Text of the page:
In a complementary sub-analysis of the SANTORINI registry, the cardiovascular risk of the 9,044 patients classified by the investigator according to the classification of the ESC/EAS 2019 recommendations was reassessed on the basis of the data available in the study database. Overall, 52% of investigators used the ESC/EAS guidelines for risk classification. Among all patients, the investigator assessed 26.0% and 84.2% of patients with and without atherosclerotic cardiovascular disease (ASCVD), respectively, as being at very high risk. Conversely, reassessment according to ESC/EAS guidelines revealed that 54.7% and 100% of patients without and with ASCVD, respectively, were at very high risk.

Cardiovascular risk factors and ASCVD were common in the SANTORINI study. Hypertension was the most common risk factor in patients with and without ASCVD, while diabetes and familial hypercholesterolemia were more common in patients without ASCVD than in patients with ASCVD (44.6% vs. 3% and 18.6% versus 7.2%). The management of ASCVD is linked to individual risk factors; The higher the risk, the more intensive the action must be. Therefore, it is important to accurately identify the level of risk to ensure a suitable solution for the prevention of atherosclerotic cardiovascular disease and reduce its impact on patients.

“The SANTORINI data presented at the ESC congress show that the cardiovascular risk of patients with and without atherosclerotic cardiovascular disease is underestimated in clinical practice, potentially limiting prevention across Europe,” said Dr. . Stefan SeifriedVice President of Medical Affairs, Specialty Medicine at Daiichi Sankyo Europe, who added, “Daiichi-Sankyo Europe understands the need to support and work with specialists to continue integrating EAS/ESC guidelines into daily clinical practice. We are committed to working with physicians to help reduce the number of lives affected by cardiovascular disease every day by first examining the real impact of these diseases on health care through studies like SANTORINI.

The SANTORINI study is a multinational prospective observational study which recruited 9,606 patients in more than 800 centers in 14 European countries. The primary objective is to document the efficacy of current treatment modalities on plasma LDL-C levels in high and very high risk patients requiring lipid-lowering therapies in a real-world setting. The study population includes both previously diagnosed and treated hypertension and hypertension patients and newly diagnosed patients requiring treatment.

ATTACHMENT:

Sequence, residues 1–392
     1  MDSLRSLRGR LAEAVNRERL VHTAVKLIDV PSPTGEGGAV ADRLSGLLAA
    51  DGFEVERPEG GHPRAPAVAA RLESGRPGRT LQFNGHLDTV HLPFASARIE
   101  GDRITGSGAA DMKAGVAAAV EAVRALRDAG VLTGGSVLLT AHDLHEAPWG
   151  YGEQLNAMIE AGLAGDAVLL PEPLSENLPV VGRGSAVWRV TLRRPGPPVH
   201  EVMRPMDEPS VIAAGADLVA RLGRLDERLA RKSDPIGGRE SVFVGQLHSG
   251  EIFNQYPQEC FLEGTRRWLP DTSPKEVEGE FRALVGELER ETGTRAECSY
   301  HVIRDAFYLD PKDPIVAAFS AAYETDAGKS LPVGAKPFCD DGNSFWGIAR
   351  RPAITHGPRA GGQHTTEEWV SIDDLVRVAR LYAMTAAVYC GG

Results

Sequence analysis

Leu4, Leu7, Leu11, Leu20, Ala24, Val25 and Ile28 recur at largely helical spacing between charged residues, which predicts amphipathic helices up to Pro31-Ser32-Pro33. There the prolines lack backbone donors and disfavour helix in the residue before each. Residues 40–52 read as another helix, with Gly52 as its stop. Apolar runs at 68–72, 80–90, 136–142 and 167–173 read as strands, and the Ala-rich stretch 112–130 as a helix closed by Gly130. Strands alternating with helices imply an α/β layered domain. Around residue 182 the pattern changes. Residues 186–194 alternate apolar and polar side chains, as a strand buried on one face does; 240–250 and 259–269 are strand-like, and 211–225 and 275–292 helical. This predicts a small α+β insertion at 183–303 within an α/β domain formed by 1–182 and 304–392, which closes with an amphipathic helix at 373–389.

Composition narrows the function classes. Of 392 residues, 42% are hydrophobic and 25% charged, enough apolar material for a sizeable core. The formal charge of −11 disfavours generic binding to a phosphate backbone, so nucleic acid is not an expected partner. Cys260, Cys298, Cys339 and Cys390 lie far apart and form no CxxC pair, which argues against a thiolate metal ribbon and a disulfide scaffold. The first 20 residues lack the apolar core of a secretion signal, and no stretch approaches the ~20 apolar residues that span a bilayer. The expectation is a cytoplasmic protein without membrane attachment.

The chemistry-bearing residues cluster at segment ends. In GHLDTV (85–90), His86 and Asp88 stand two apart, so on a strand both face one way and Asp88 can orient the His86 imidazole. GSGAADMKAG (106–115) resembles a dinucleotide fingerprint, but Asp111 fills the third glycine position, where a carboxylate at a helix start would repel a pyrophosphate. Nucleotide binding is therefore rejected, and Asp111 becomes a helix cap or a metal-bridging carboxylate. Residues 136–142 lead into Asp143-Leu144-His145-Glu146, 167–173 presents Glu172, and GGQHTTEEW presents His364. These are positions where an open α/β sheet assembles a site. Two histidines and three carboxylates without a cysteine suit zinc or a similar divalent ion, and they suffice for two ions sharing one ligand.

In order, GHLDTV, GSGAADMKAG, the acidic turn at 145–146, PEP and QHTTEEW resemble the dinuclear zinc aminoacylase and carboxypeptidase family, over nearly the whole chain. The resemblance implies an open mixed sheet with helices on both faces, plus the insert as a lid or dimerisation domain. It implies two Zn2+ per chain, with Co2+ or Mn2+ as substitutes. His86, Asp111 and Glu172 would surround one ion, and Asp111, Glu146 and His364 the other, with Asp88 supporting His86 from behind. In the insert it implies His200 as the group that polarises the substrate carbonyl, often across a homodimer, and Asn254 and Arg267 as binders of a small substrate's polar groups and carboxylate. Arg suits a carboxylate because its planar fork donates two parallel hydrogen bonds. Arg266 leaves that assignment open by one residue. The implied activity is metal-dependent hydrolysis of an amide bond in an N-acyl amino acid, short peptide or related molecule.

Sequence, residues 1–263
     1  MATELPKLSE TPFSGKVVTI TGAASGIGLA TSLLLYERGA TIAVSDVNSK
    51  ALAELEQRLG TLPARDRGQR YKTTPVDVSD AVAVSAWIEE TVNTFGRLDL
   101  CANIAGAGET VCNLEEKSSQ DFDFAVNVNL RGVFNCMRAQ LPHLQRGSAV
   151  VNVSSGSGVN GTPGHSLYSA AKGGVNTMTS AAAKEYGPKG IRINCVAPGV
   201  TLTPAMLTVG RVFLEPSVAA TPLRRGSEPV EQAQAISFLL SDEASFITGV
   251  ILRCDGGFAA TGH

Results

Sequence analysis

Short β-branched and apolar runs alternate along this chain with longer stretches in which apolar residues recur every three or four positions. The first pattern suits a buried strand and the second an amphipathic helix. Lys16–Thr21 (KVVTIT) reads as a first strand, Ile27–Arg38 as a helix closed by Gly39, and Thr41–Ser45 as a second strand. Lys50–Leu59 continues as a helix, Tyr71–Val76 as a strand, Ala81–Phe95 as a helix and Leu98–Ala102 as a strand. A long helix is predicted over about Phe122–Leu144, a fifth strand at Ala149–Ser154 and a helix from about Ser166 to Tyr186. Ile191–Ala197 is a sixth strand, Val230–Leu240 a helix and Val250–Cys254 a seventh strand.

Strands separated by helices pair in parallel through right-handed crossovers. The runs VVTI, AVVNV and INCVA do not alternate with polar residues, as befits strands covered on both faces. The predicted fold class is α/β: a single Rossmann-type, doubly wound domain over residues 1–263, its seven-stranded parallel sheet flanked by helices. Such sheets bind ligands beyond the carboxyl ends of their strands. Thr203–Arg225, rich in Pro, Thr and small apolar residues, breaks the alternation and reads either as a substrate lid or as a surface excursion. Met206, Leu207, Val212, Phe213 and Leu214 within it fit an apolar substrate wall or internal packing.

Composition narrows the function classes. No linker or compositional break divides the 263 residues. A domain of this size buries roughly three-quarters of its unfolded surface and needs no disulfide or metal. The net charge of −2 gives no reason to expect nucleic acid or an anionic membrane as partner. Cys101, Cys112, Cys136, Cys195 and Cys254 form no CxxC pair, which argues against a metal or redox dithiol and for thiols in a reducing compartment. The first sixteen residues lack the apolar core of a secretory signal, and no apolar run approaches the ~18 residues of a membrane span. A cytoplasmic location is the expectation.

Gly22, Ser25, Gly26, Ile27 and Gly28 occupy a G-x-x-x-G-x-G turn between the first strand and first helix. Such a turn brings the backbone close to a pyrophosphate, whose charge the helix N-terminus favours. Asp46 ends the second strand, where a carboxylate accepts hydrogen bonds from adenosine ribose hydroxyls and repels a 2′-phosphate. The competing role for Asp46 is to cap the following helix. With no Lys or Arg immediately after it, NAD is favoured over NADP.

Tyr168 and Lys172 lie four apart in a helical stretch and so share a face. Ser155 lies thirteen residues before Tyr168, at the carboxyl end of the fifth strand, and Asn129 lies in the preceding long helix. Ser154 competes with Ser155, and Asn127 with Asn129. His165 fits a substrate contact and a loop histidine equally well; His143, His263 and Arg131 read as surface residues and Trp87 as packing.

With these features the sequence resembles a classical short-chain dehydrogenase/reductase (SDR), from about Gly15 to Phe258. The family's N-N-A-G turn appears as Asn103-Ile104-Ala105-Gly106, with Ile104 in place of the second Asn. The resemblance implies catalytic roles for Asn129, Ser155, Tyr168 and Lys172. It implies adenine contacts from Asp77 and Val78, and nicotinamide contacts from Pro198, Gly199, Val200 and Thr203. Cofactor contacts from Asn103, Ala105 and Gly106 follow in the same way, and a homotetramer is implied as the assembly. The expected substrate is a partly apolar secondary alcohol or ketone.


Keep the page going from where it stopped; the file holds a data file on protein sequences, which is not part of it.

Only data from day-to-day clinical practice is collected and physicians are not required to perform mandatory assessment outside of this practice. To help collect accurate data, patients can optionally fill out a note to record important details.

bempedoic acid
Bempedoic acid (marketed as NILEMDO in the European Economic Area, Turkey and Switzerland) is an innovative first-in-class treatment that lowers LDL cholesterol levels and can be combined with other oral treatments to reduce more cholesterol. Bempedoic acid inhibits ATP citrate lyase (ACL), an enzyme involved in the hepatic synthesis of cholesterol.

Bempedoic acid has been approved as an adjunct to the diet of adult patients with familial hypercholesterolemia (heterozygous familial and non-familial) or mixed dyslipidemia:

  • in combination with a statin or other lipid-lowering therapies in patients not achieving LDL-C goals at the maximum tolerated dose of a statin
  • Where

  • alone or in combination with other lipid-lowering treatments, in patients intolerant to statins or for whom statins are contraindicated.

Bempedoic acid acts on the well-known cholesterol synthesis process, upstream of the hepatic target of statins, with a unique mechanism of action that allows for further lowering of LDL-C levels when added to therapy with statins or other lipid-lowering therapies. Due to its novel mechanism of action, bempedoic acid is not active in skeletal muscle.